To overcome this obstacle, providers such as Enrich have negotiated service levels with all the providers they deal with, so smaller clients can take advantage of this agreement rather than set up their own.
Financial penalties also feature in some service level agreements. For example, medical insurer WPA pays £25 to an employer if it fails to pay a properly presented claim within seven days.
“We are pushing for financial penalties to be incorporated into service level agreements,” says Brennan. “This can make a big difference to the service that is delivered.”
All this might seem a lot to consider, but employers that take the right steps will find their procurement of pensions and insurance perks will result in a package that gives the right messages about their business†
Do it yourself or get advice?
Although employers can purchase benefits themselves, there are many arguments in favour of using an adviser to do so.
For a start, they could get a better deal. Mike Blake, compliance director at PMI Health Group, says: “Some providers will only deal through advisers, but even where they deal direct, [employers] can often get better terms and prices through an adviser because of the buying power and influence it has.”
As well as offering access to the best deals, an adviser can use its experience to ensure an employer has the right mix of perks. Mark McLeod, manager of advice policy at Towry Law, says: “If [employers] go directly to a provider, they will not get advice. Providers will give employers what they ask for, whether or not it is right for the organisation. An adviser will make sure their benefits match their needs.”
Advisers can also help employers to promote their benefits package. This could involve putting together marketing literature for staff, and some will also offer seminars and one-to-one sessions to ensure that employees understand the value of the package.
Commission or fee?
However, employers will pay for such services. This can either be through commission, which is paid by the provider, or as a fee, which can be set according to the time spent on a case, or a fixed fee based on the project the adviser is undertaking.
If employers opt for the commission-based approach, they need to understand the implications. For example, a commission-based group pension plan will have a higher annual management charge than one that is fee-based. This means the cost of the advice is met by employees, who will feel the effect of the higher charge through a slightly reduced pension pot.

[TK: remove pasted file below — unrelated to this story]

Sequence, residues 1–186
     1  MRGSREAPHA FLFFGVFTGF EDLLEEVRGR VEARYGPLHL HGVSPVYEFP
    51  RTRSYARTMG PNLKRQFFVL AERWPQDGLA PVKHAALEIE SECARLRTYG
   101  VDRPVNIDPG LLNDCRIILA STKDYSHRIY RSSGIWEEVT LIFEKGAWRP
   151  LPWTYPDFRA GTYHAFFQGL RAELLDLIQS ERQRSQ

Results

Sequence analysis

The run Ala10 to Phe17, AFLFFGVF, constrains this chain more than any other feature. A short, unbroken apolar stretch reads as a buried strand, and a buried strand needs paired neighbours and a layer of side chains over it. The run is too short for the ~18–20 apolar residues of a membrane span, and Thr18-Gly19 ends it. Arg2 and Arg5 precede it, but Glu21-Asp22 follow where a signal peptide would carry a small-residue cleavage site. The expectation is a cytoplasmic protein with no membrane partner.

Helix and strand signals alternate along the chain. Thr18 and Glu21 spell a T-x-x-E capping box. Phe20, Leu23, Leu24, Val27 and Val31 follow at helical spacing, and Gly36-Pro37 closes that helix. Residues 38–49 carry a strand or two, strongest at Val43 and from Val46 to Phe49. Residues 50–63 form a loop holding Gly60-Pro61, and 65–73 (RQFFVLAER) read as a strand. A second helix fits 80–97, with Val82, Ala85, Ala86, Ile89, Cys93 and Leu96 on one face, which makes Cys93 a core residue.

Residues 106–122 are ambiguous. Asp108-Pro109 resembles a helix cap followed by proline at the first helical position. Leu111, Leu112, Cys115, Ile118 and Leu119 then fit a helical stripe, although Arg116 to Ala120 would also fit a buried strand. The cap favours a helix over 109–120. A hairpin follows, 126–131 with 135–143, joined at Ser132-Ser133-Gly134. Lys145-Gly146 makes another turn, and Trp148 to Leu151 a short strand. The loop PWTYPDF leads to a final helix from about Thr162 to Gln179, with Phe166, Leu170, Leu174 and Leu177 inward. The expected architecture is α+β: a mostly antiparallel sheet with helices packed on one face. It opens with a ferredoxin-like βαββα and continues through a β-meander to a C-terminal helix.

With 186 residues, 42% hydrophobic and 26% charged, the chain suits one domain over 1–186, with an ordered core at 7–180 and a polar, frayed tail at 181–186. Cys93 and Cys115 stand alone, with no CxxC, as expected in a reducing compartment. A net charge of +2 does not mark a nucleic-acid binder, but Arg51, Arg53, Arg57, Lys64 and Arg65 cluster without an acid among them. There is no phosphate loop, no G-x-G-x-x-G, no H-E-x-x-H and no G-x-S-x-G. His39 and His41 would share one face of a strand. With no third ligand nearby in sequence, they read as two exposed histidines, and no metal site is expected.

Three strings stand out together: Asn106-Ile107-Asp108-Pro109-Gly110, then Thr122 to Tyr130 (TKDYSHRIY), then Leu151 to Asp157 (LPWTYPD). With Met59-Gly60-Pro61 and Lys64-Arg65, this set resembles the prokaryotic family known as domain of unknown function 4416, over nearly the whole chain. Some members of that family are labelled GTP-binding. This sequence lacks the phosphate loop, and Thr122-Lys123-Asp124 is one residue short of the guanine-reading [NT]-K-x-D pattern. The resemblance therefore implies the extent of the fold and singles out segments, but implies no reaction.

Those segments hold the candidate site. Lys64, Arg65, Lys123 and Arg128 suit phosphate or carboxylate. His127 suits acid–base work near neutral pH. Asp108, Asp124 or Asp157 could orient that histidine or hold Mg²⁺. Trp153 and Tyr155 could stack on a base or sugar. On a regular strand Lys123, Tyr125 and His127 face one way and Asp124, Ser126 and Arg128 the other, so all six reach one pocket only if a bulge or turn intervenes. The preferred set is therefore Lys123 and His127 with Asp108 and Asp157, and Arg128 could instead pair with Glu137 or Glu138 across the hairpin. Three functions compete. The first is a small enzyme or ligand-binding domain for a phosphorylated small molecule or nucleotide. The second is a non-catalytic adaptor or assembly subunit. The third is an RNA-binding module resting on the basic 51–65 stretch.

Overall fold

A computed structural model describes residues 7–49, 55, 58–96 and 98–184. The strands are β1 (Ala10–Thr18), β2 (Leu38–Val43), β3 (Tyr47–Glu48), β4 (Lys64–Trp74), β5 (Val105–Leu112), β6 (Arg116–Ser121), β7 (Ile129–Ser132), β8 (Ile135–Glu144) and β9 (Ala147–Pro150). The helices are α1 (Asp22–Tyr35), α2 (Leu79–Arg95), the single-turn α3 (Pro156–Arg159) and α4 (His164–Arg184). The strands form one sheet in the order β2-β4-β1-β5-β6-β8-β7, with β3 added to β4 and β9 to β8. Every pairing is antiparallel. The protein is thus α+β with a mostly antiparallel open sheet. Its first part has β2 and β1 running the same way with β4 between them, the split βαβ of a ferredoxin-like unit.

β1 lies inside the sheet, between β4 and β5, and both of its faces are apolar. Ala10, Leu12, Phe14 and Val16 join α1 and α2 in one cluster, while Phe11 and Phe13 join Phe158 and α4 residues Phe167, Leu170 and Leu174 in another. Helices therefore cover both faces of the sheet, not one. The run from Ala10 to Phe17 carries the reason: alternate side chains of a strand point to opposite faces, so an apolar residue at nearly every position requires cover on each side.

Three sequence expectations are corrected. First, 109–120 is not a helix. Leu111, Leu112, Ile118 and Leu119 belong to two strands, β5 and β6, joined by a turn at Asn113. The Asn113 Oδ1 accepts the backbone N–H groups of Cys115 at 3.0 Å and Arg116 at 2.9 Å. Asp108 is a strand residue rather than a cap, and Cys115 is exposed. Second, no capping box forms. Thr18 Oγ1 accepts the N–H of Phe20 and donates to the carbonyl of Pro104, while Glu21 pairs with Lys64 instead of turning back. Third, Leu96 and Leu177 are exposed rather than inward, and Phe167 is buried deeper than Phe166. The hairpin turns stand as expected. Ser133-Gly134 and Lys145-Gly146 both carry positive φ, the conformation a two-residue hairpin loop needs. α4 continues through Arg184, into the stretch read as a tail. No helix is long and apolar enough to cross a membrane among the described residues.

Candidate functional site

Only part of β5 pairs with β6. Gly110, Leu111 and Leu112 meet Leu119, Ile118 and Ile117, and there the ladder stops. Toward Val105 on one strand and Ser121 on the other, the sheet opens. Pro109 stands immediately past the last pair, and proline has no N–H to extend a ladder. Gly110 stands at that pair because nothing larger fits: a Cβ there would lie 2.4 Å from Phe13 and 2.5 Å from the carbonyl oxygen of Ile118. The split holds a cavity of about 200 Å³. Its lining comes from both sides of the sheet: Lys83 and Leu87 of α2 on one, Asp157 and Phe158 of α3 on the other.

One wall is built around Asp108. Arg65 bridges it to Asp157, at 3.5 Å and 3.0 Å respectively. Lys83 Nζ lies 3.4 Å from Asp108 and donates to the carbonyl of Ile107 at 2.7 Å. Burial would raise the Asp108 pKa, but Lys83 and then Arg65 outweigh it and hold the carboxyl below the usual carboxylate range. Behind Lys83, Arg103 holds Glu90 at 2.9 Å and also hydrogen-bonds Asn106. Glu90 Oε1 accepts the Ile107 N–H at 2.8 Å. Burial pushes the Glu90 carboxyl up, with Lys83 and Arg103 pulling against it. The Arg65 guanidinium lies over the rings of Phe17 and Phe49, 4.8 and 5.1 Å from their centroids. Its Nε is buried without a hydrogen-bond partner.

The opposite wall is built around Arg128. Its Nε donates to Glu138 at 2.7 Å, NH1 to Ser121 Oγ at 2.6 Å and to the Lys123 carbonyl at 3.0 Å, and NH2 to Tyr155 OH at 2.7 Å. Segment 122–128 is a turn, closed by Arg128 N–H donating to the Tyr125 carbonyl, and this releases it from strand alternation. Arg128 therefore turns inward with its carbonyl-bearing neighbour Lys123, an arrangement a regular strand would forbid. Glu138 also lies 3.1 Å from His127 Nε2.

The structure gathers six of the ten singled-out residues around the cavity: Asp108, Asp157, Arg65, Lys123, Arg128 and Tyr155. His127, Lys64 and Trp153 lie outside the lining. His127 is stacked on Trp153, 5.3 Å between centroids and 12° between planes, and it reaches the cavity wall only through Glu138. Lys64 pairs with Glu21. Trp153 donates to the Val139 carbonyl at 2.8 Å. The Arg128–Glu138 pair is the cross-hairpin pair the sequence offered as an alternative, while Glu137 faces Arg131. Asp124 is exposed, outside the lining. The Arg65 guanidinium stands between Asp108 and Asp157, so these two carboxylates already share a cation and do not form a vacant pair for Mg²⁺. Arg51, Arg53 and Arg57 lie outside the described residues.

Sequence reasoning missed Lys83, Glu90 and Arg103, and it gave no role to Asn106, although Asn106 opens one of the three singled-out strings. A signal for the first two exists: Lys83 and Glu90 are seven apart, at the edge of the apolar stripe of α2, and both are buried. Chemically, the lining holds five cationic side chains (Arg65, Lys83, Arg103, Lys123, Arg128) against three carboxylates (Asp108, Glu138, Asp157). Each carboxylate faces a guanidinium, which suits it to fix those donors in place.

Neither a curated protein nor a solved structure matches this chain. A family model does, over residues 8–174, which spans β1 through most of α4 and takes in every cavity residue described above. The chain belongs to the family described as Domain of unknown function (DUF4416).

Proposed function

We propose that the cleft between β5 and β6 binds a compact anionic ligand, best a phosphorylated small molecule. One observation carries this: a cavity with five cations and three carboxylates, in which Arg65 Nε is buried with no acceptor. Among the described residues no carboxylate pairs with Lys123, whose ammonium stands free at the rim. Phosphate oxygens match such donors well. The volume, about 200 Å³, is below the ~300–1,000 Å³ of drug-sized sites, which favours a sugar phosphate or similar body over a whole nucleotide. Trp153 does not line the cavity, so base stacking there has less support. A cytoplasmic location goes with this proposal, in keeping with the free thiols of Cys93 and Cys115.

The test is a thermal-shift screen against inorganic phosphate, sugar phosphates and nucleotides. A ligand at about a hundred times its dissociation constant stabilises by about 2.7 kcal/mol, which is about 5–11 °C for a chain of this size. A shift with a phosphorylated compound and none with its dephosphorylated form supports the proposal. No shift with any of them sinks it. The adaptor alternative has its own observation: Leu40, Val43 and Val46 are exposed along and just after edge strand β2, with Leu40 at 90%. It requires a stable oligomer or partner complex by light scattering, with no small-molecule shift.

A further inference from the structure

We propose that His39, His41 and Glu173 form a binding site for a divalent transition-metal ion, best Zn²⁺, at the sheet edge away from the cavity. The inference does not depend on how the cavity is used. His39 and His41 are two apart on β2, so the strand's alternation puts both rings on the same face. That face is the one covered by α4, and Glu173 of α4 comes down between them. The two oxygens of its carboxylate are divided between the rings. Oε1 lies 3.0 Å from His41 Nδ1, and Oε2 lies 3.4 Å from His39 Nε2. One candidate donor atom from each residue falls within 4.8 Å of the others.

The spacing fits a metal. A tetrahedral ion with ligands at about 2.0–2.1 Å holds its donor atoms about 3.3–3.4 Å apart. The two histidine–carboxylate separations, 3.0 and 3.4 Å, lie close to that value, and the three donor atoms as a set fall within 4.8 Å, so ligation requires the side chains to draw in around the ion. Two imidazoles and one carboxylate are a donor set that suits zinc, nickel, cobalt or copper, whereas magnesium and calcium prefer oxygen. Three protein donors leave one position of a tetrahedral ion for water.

Ian Luck, director of employee benefits at Smith and Williamson Financial Services, says: “It is horses for courses. Ask the adviser how it is remunerated. Many offer both fees and commission, although more and more are going fees only.”
Case study: Perks advice adds up for Defaqto
Giving employees access to quality benefits is important for financial information specialist Defaqto. But although it offered a good range of flexible benefits through an online service, finance director Alastair Brown was not happy.
“Employees did not really understand the entire benefits offering,” he says. “Take-up was poor and the level of administration required to deal with employees’ questions was horrific.”
To tackle this, Brown approached a number of benefits providers and consultants to discuss Defaqto’s requirements before choosing independent financial adviser Foster Denovo.
The first step was to carry out a benchmarking survey comparing Defaqto’s benefits with those offered by similar-sized organisations. Taking account of those results, Foster Denovo, Brown and a representative sample of employees agreed a summary benefits package promoting healthy living, protection and saving for the future.
Full market review
Armed with this information, a full market review was conducted and a set of recommendations drawn up on levels of provision, providers and costs.
“We wanted providers that had good service as well as competitive pricing,” says Brown.
Once products were selected and implemented, presentations and one-to-one meetings were set up to introduce the benefits to employees. These include critical illness cover and life assurance, private medical, dental and travel insurances and a monthly gym subsidy, as well as a contributory pension scheme including a full salary sacrifice offering.
“Employees have a much better understanding of the benefits they have got,” says Brown. “More take up different benefits and many have increased their level of contribution to their pension. This greater understanding is also good news for our HR department as there are fewer questions to deal with and much less administration.”
Read more articles from Special report 2009: benefits procurement